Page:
* IE's getElementById and getElementsByName are both case-insensitive. This is a bug. Opera and FireFox appear not to have this bug.

    I would really like to hear the thoughts of someone who is more familiar with the W3C Specs than I am.

  8. #8
    SitePoint Wizard Pepejeria's Avatar
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    Quote Originally Posted by MikeFoster
    Hmmm... look at the W3C's validation results for my test page, very interesting.

    The validator is wrong!
    Well, Ids are unique, therefore the errors.

    I'm a bit disappointed to see that Opera mimics IE, but that wouldn't be the first time they do it. The specs are pretty clear on this me thinks.

  9. #9
    I'll take mine raw silver trophy MikeFoster's Avatar
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    But my IDs are unique - IDs are supposed to be case-sensitive.

    I also expected Opera to have the same results as FireFox... but then I started thinking that if IDs and NAMEs are in the same namespace for all elements, then Opera has it right and FireFox is violating the spec - altho I prefer FireFox's implementation (and If this is a spec violation then I wish Opera would violate it too). Also, could it be that IDs and NAMEs are case-insensitive for all elements that support having both an ID and a NAME, because per the spec this is explicitly the case for <A> elements.

    Keep in mind that Opera does not exhibit the actual bug, which is case-insensitivity. I may be wrong in considering #2 a bug - it may be per spec! But I'm not sure yet.

    The spec seems quite ambiguous regarding the issue of elements that can have both an ID and a NAME and whether or not they are case-sensitive. I guess in Opera and FireFox we are just seeing a difference in interpretation of the spec.

    Again, I do wish some HTML Spec. guru would drop in and set me straight on this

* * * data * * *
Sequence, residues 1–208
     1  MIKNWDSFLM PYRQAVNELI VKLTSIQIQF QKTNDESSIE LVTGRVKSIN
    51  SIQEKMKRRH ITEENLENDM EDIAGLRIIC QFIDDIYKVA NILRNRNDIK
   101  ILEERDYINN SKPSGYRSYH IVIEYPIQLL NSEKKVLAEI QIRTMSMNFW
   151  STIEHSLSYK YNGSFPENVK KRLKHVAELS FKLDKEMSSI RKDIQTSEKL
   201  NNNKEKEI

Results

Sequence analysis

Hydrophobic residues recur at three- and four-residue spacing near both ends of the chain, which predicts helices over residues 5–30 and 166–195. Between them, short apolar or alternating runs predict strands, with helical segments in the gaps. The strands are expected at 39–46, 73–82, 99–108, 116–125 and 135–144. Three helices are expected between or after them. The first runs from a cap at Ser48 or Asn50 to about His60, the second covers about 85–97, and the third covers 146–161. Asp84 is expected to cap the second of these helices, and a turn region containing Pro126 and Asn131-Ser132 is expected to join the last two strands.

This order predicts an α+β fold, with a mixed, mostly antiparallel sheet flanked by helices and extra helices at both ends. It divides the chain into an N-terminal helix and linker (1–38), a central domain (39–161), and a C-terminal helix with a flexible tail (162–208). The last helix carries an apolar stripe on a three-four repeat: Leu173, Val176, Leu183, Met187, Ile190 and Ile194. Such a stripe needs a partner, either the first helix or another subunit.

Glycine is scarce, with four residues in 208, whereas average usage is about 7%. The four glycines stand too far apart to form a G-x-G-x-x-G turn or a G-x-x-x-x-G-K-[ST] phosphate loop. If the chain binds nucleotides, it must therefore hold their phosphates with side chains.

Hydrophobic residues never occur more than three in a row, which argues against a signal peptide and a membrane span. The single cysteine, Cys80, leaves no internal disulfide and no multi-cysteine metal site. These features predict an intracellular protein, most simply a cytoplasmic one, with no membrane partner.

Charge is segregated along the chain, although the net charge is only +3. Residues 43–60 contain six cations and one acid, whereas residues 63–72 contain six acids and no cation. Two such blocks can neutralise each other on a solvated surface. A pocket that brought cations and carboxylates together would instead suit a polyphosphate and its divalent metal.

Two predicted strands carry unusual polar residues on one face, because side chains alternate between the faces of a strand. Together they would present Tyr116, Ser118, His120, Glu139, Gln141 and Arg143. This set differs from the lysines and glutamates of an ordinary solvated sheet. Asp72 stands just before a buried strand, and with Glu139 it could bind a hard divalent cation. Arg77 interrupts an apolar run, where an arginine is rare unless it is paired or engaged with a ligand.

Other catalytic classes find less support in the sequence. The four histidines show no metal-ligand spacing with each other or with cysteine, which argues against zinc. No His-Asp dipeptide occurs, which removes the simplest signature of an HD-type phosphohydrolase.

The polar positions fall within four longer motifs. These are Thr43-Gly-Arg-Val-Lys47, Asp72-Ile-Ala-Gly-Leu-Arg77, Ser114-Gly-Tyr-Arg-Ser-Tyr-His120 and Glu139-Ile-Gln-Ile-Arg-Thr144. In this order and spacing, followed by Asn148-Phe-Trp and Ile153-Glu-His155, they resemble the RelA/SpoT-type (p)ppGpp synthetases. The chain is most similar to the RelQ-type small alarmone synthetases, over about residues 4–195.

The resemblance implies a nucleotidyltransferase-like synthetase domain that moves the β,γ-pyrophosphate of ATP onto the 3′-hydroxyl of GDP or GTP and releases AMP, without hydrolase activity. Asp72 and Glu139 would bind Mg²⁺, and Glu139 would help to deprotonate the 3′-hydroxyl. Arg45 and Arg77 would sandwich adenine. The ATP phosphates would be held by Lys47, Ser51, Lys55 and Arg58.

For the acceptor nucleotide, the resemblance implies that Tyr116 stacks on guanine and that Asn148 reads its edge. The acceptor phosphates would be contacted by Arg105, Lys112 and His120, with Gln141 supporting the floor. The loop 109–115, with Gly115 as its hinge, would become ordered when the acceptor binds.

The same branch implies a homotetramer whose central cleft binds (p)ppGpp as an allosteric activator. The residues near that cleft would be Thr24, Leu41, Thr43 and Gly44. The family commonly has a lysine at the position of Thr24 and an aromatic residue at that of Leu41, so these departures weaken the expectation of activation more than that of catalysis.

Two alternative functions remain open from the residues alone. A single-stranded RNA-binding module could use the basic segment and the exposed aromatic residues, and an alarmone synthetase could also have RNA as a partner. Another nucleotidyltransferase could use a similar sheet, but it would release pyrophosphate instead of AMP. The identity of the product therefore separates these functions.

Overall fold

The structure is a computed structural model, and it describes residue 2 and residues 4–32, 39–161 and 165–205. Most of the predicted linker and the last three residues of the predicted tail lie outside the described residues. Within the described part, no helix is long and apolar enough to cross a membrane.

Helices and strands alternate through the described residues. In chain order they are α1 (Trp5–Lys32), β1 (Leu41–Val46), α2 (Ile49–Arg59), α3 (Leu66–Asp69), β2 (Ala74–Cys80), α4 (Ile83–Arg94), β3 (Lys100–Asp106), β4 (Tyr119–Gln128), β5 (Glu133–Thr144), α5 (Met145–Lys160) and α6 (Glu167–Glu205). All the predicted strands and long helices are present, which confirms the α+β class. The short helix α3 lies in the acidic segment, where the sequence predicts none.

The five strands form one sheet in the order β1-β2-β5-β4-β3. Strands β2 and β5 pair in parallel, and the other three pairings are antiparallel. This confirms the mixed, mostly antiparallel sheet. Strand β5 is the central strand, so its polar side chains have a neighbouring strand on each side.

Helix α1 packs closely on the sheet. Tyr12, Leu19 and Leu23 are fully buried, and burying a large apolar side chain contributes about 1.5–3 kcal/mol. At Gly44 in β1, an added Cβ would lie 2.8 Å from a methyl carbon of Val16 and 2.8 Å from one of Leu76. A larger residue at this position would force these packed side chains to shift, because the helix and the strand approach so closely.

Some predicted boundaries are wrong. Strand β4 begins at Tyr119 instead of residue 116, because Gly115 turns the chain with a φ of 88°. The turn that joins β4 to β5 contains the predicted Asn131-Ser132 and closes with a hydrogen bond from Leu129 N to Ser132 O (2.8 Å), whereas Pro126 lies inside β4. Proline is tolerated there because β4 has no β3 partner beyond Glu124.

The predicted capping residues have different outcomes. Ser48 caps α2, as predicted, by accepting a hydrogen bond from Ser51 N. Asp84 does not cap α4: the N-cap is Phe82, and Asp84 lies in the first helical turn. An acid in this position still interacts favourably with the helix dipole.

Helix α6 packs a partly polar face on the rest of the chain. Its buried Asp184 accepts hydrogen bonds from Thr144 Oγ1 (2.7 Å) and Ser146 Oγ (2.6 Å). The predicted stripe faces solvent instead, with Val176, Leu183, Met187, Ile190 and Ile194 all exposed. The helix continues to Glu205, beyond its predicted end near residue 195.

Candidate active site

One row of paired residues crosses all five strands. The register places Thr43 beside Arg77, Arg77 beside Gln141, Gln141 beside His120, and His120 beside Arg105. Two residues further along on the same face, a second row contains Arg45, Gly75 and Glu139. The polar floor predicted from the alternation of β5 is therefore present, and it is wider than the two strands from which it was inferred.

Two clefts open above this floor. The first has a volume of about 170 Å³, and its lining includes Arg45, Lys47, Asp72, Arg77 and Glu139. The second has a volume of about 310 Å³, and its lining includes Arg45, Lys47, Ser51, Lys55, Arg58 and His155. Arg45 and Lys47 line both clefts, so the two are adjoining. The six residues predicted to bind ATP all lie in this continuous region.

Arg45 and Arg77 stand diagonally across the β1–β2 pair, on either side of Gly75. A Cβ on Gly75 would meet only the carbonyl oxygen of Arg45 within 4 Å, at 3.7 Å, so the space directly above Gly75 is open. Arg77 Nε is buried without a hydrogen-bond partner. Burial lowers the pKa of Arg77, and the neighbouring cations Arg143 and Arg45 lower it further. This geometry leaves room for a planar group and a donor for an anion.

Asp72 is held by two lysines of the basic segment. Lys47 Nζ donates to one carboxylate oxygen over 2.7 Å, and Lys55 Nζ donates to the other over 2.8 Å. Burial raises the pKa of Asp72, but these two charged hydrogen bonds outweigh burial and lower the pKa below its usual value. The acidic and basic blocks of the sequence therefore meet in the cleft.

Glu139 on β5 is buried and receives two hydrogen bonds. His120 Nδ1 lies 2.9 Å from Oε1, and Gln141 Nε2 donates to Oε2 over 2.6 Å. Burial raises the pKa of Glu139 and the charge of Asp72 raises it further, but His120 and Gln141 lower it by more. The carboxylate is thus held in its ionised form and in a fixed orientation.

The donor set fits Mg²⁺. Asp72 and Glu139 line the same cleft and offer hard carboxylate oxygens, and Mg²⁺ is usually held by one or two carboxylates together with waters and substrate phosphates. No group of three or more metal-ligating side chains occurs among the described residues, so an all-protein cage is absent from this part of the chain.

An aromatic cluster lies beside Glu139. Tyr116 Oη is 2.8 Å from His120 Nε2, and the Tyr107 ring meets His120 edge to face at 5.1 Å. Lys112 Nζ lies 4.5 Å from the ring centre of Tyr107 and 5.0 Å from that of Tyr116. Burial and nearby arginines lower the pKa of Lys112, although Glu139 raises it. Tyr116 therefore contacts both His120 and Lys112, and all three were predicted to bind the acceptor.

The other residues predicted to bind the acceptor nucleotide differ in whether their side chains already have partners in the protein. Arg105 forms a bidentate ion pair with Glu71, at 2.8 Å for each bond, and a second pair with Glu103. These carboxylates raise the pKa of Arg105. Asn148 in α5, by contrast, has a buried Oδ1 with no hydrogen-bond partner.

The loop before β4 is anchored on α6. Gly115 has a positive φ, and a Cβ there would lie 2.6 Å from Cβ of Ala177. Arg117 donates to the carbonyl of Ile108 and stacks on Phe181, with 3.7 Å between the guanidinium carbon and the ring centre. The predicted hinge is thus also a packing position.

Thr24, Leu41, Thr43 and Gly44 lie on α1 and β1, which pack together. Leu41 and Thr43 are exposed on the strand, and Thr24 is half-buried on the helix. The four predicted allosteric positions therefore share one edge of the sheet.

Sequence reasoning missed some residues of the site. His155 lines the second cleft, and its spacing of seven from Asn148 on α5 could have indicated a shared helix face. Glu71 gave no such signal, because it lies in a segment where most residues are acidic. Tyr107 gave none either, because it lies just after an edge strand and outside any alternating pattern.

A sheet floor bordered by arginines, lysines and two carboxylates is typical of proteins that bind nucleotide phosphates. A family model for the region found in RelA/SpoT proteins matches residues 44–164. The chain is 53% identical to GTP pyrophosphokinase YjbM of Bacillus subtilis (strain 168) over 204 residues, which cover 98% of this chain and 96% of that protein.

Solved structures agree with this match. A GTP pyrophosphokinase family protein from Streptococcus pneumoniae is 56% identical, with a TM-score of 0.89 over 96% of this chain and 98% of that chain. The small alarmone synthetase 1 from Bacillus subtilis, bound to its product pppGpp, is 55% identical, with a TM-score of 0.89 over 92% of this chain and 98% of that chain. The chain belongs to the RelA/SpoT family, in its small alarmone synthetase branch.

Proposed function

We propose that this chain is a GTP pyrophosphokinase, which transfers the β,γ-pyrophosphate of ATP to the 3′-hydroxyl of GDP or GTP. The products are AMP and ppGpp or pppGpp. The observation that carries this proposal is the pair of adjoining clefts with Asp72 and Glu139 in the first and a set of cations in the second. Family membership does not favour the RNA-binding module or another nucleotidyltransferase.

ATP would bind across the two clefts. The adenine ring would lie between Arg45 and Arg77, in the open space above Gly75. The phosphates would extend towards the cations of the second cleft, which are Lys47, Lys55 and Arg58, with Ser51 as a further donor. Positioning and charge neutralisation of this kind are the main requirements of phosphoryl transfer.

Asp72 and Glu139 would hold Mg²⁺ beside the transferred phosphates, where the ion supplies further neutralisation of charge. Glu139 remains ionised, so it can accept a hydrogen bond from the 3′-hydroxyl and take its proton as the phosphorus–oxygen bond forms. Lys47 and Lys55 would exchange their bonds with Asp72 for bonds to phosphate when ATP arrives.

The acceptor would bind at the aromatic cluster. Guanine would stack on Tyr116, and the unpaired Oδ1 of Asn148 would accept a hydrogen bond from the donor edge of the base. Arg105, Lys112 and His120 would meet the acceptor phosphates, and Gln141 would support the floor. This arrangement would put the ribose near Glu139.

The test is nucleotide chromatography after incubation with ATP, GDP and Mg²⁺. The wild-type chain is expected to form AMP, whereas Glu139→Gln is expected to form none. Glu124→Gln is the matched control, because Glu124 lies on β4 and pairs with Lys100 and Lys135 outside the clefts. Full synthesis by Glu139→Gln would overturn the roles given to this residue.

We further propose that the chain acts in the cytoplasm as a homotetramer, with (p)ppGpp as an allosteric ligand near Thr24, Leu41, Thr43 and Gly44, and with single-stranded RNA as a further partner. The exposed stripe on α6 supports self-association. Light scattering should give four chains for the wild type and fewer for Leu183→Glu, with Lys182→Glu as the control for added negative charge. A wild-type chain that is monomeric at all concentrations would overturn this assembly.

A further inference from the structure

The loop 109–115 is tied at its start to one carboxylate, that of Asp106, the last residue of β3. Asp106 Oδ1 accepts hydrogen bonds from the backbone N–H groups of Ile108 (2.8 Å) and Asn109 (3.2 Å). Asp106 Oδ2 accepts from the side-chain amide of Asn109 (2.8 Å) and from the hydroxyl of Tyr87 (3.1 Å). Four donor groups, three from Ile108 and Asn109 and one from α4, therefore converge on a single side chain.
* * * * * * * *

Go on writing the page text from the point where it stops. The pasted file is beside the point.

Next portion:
10. #10
    Programming Since 1978 silver trophybronze trophy felgall's Avatar
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    HTML is case insensitive.

    XHTML is case sensitive.

    IE doesn't understand XHTML so most pages labelled as XHTML end up getting served as HTML instead of XHTML in order that they will work in all browsers rather than not working in IE.

    Therefore values in your (X)HTML that differ only in capitalization will be considered to be the same in many browsers.

    The solution - don't use values that differ only in capitalization.
    Stephen J Chapman

    javascriptexample.net, Book Reviews, follow me on Twitter
    HTML Help, CSS Help, JavaScript Help, PHP/mySQL Help, blog
    <input name="html5" type="text" required pattern="^$">

  11. #11
    I'll take mine raw silver trophy MikeFoster's Avatar
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    Hi felgall, thanks for your reply.

    I thought about that too, but it is HTML tagNames that are case-insensitive when returned by DOM methods. The HTML4 spec plainly says that IDs are case-sensitive except when in anchor elements. I think the validator is wrong.

    My test case uses the HTML 4.01 Strict doctype. At this point I am not testing XHTML because IE6 does not support it and it is an IE6 bug that we are investigating.

    The solution - don't use values that differ only in capitalization.
    I think most of us adhere to this rule as a "best practice" - and this is probably why we have never encountered this IE bug before.

    FireFox and Opera both consider IDs to be case-sensitive in HTML4.01 documents. IE does not - and I consider this to be a bug.

    IE and Opera put IDs and NAMEs into the same namespace (in HTML4.01 documents). FireFox does not. Who is right? The spec does say that IDs and NAMEs share the same namespace - but implies that this is only in anchor elements. IMO the spec is ambiguous on this point. This is the point I would like clarified. It seems that IE and Opera have interpreted this to include all elements which allow the NAME attribute. FireFox has taken a stricter interpretation, which I prefer.

    The real gotcha is not case-sensitivity - it is the fact that getElementById(ID) will return an anchor or form control element whose NAME matches ID.

    I would like to know where the answer is - in the spec.

    Thanks very much to everyone contributing to this thread

  12. #12
    SitePoint Wizard Pepejeria's Avatar
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    Yes, this would be interesting to know.

    Since the situation is like it is now, we had to do something like this in our last project:
    Code:
    Util.getElementsByName = function(sName)
    {
    	var cNodes = document.getElementsByName(sName);
    	var aNodes = [];
    	
    	for(var i=0, oNode; oNode = cNodes[i]; i++)
    	{
    		if(oNode.getAttribute("id") == sName) continue;
    		
    		aNodes.push(oNode);
    	}
    	
    	return aNodes;
    }

  13. #13
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    The thing is, a person can read many books on designing but I think creativity comes from inside that person. The book can be a very good one but will it make a person creative?